Lasagna Soup
serves 4
1½ pounds Italian sausage
1 medium yellow onion, chopped
4 cloves garlic, finely minced or pressed
2 teaspoons dried oregano
½ teaspoon dried crushed red pepper
3 tablespoons tomato paste
1 (28-ounce) can fire roasted diced tomatoes, undrained
2 bay leaves
6 cups chicken broth
½ cup chopped fresh basil or 2 tablespoons dried basil
salt and pepper to taste
½ pound fusilli noodles (we used rotini), cooked and drained

cheese topping:
1 cup ricotta cheese
½ cup grated Parmesan cheese
¼ teaspoon salt
1/8 teaspoon black pepper
1 tablespoon chopped fresh basil or 1½ teaspoon dried basil
2 cups shredded mozzarella cheese, for sprinkling

In a large 4-quart pot, add the Italian sausage and cook over medium heat, breaking the pieces up with a wooden spoon or spatula while it cooks.  After about 3-4 minutes, add the onion.  Cook the sausage and onion together, stirring occasionally, until the sausage is cooked through and the onions are soft, about 5-7 minutes.  Drain any excess grease, if desired.  Stir in the garlic, oregano, red pepper flakes and tomato paste.  Cook for 1-2 minutes, stirring constantly.  Add the diced tomatoes with their juices, bay leaves and chicken broth.  Add the basil, if using dried (if using fresh basil, add it in the next step).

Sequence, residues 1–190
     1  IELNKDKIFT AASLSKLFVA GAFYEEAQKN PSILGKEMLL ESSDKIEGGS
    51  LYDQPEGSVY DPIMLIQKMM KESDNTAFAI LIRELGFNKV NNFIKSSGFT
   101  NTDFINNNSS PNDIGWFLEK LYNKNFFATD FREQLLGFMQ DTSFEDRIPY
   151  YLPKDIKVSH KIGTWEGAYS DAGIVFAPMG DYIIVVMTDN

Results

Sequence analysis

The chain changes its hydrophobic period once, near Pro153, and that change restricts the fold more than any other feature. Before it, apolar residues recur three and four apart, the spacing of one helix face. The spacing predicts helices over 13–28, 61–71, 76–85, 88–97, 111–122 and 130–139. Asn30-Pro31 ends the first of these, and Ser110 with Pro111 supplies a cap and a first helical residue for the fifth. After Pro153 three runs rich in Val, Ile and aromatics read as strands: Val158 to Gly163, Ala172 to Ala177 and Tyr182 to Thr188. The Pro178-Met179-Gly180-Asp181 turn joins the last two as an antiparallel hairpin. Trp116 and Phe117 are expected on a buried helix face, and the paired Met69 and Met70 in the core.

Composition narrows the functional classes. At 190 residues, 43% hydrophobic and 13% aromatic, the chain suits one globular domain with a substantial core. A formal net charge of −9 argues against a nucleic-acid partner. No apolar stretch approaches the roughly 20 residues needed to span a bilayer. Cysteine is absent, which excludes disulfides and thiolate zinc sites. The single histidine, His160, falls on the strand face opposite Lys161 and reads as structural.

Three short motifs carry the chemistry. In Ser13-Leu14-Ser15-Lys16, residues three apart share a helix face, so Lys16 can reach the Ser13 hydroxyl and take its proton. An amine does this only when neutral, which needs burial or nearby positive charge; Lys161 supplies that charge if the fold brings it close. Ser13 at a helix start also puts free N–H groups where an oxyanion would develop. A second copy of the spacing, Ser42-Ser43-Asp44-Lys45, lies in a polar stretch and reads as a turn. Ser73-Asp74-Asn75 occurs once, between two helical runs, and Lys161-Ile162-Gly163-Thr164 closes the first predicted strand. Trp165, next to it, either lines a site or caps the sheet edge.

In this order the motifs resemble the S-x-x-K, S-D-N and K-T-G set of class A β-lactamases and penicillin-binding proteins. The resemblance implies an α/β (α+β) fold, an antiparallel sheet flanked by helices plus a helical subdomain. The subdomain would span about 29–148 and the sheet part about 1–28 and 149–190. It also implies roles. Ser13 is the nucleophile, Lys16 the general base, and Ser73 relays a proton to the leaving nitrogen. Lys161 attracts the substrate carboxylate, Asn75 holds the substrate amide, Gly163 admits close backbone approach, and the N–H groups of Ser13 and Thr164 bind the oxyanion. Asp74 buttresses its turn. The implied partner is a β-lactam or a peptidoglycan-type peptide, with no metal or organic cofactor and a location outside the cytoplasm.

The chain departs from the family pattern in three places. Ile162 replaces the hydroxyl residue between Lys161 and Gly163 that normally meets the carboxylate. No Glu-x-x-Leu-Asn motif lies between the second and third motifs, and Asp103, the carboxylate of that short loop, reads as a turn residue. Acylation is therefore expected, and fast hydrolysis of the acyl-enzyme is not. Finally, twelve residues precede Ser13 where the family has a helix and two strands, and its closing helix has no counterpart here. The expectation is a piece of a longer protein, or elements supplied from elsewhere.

Bring the soup to a boil then reduce the heat and simmer for 20-30 minutes.  Season the soup with salt and pepper to taste and the fresh basil, if using.

For the cheese mixture, in a small bowl, combine the ricotta cheese, Parmesan cheese, salt, pepper and basil.  Set aside.

To serve the soup, add a scoop of cooked pasta noodles to a bowl.  Top with a ladle or two of soup and dollop with a generous spoonful of the cheese mixture.  Sprinkle with mozzarella cheese.  Serve immediately.
Oldest even set up the shot and took the picture.